The Fruit of the Spirit

For a while now I have been constantly reminded of the fruit of the Spirit. I don’t know if it is just because it is an interesting topic or if the Spirit of God is telling me that I need to work on them. Either way I would like to start a study of the different fruit of the Spirit. I hope you will enjoy it, I know I will.

 

Before we look at the individual fruit of the Spirit we need to establish what is meant by the term, “fruit of the Spirit.” The reference comes from a passage in the book of Galatians chapter 5. Starting with verse 16 Paul begins the application of the previous section of the book. This application is not a contrasting of the life of a non-believer and that of a believer in Jesus Christ, but rather a picture of what a carnal believer looks like as opposed to a believer who walks in obedience to God’s law. (When I say law in this context I am not talking about the Mosaic Law, but instead referring to the Law of Christ.)

 

The distinction mentioned above is important because it brings into play the elements of the puzzle Paul is trying to help us solve. Paul’s first piece is the one that explains that every life produces something. You cannot simply exist without creating some type of product. If you are alive, even were you to remain completely immobile you would still produce carbon monoxide. (It is also likely that you would, depending on the time period involved, produce some type of odor. 🙂 ) Life does not happen in a lab where we can control all the variables. These variables, though out of our control in some cases, have an effect on our lives.

 

These variables are the second piece of the puzzle Paul introduces. Paul states that the variables lead to one of two actions. Paul calls them the works of the flesh, and the fruit of the Spirit. These two phrases hold great significance. “The works of the flesh” carries with it the idea of the result of actions carried out. It is the logical conclusion of behavior. Think of it this way, when you hit a light bulb with a hammer what you get is broken glass.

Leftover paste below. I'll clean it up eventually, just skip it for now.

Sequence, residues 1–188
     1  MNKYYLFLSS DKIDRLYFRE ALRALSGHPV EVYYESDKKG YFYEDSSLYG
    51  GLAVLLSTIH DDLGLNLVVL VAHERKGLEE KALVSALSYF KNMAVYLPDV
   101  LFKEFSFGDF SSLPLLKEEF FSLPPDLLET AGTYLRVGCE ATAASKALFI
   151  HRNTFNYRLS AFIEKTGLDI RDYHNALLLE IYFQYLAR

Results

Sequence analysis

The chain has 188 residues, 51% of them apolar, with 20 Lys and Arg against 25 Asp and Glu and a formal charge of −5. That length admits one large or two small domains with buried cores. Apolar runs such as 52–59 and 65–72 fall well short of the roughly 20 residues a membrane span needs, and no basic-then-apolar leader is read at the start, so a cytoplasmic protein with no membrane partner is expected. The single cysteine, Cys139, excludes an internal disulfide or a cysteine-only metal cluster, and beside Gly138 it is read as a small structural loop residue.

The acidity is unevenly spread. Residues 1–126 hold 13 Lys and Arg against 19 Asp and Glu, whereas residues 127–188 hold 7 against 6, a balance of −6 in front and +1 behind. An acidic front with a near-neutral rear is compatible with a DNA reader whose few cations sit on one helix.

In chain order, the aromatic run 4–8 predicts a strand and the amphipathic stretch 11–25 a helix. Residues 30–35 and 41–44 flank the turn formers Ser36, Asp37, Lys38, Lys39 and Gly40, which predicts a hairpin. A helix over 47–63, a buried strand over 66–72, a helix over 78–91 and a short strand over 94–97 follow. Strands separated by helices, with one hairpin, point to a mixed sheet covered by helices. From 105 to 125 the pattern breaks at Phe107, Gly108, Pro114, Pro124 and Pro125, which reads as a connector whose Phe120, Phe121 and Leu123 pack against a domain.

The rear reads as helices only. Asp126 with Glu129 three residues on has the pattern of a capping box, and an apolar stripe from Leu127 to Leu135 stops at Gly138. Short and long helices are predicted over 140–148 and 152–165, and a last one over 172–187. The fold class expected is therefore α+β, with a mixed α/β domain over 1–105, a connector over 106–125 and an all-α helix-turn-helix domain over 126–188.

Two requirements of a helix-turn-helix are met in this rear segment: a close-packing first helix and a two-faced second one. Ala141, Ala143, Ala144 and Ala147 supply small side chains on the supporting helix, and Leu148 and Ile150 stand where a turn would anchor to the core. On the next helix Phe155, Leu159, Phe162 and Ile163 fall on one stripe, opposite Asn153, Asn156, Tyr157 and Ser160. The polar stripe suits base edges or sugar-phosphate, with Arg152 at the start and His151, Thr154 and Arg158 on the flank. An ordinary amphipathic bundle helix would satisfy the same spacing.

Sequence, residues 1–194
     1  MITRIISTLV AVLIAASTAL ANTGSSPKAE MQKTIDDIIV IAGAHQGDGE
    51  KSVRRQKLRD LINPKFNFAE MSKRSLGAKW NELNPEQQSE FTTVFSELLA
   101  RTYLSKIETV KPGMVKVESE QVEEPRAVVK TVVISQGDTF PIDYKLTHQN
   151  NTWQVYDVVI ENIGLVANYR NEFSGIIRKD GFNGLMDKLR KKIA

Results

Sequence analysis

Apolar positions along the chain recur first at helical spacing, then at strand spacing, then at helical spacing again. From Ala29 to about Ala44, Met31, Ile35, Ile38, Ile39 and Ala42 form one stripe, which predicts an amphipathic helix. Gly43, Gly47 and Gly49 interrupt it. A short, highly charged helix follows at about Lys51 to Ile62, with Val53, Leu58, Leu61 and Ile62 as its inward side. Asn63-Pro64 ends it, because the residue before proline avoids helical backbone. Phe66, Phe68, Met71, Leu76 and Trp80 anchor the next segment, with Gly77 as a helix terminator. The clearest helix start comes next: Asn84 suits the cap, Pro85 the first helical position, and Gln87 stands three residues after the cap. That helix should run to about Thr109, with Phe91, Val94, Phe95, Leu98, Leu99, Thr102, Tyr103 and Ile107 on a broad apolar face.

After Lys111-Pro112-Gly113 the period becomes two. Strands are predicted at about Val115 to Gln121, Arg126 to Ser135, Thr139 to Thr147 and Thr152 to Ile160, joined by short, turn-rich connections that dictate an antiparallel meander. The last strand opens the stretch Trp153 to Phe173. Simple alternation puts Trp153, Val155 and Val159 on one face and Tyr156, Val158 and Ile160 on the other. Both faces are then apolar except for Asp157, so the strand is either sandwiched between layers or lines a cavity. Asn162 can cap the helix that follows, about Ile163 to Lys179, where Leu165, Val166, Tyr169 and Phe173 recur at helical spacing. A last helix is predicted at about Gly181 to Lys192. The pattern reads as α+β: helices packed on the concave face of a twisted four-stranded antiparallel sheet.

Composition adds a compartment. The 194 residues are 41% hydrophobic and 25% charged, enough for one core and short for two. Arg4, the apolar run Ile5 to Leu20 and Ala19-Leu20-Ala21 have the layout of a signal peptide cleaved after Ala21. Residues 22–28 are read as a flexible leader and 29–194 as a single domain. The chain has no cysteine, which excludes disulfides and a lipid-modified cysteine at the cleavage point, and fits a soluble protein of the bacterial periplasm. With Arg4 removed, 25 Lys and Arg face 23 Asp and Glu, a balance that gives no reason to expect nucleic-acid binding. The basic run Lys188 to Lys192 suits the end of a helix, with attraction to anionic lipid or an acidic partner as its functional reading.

The fruit of the Spirit, on the other hand carries with it the idea that the results are the work of external stimuli applied to an individual’s life. This would be akin to the analogy the apostle John uses in John 15 regarding the vine and the branches. In this illustration our only job is to abide in the vine and the rest is done by the vine and its husbandman. Now I am not trying to undermine the importance of the need for us to abide (which is hard work). What I am trying to explain is that in this passage Paul is stating that when we abide in the vine, or in this case being led by the Spirit, the results are the work of God.

 

Paul gives us the final component in this puzzle in the beginning of Chapter 6 of Galatians. That component is what the fruit of the Spirit looks like in real life. The point is not all encompassing when it comes to application of all the fruit of the Spirit at one time. Instead Paul explains that this fruit is not for decoration but for actual use and benefit. In simple terms, the fruit is for eating. Like the spiritual gifts mentioned in Ephesians and 1 Corinthians these fruits are for the benefit of believers. This is true not only of the ones who evidence the fruit but the ones who come in contact with them as well.

 

The key to this which allows us to put the pieces together is understanding that these characteristics are not produced unilaterally. There is obedience and results. The willingness to be led by God and the fruit such willingness produces. Just as Abraham believed and was counted righteous so also when we obey and believe there is fruit.

 

 

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